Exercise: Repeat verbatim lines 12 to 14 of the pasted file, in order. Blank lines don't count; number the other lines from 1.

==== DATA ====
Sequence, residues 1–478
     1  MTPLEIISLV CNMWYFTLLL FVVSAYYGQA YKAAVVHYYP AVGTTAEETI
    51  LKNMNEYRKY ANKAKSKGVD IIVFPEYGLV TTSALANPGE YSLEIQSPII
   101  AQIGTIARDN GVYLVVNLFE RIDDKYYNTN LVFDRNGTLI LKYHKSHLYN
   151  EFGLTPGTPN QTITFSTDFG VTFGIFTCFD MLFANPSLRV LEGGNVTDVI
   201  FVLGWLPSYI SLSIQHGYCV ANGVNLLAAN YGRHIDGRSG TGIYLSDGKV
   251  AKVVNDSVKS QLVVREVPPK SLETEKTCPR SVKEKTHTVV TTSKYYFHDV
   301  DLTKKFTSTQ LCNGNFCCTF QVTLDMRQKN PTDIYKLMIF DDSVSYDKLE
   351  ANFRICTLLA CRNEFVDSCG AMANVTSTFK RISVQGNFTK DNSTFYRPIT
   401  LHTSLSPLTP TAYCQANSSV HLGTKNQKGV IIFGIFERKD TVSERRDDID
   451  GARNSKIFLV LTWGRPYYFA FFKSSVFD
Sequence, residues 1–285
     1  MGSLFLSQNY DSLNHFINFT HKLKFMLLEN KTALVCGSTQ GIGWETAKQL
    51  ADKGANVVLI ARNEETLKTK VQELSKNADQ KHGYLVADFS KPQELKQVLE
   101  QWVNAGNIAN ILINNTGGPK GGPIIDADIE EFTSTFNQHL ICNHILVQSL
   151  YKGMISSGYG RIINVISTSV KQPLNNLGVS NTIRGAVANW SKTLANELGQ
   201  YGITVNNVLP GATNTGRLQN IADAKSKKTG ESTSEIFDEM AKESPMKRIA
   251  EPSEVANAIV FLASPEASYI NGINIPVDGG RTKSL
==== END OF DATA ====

Sequence, residues 1–285
     1  MGSLFLSQNY DSLNHFINFT HKLKFMLLEN KTALVCGSTQ GIGWETAKQL
    51  ADKGANVVLI ARNEETLKTK VQELSKNADQ KHGYLVADFS KPQELKQVLE